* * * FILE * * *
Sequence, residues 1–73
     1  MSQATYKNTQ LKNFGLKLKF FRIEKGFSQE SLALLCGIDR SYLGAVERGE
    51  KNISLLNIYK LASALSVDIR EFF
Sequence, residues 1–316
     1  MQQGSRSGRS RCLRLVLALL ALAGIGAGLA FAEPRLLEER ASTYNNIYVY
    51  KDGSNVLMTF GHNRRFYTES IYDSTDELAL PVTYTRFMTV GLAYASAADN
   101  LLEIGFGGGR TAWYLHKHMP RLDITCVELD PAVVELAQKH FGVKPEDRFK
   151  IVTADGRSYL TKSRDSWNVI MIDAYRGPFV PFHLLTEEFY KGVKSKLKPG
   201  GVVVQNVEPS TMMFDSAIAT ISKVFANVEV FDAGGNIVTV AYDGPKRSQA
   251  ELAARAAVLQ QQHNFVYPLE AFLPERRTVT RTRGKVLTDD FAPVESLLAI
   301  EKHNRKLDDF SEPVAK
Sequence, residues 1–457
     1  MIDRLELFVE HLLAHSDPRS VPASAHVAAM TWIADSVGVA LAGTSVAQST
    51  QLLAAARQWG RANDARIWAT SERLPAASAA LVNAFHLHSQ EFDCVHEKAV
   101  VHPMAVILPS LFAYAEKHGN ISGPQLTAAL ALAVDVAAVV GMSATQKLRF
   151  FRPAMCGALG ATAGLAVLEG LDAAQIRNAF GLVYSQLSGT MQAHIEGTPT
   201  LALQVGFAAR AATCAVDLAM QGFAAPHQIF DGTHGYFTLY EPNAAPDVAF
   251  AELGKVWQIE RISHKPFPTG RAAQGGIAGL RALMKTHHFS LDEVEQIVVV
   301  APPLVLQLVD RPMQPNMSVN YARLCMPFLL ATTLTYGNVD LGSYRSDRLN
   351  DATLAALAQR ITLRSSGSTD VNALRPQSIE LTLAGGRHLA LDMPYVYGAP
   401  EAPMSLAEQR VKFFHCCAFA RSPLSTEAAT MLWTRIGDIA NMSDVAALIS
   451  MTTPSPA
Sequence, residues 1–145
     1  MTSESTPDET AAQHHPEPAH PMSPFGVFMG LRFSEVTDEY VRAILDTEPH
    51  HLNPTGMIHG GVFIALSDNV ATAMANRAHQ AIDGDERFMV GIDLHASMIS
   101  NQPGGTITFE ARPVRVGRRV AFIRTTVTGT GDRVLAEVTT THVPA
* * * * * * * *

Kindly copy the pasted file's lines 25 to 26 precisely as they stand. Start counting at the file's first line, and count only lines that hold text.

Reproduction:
    51  HLNPTGMIHG GVFIALSDNV ATAMANRAHQ AIDGDERFMV GIDLHASMIS
   101  NQPGGTITFE ARPVRVGRRV AFIRTTVTGT GDRVLAEVTT THVPA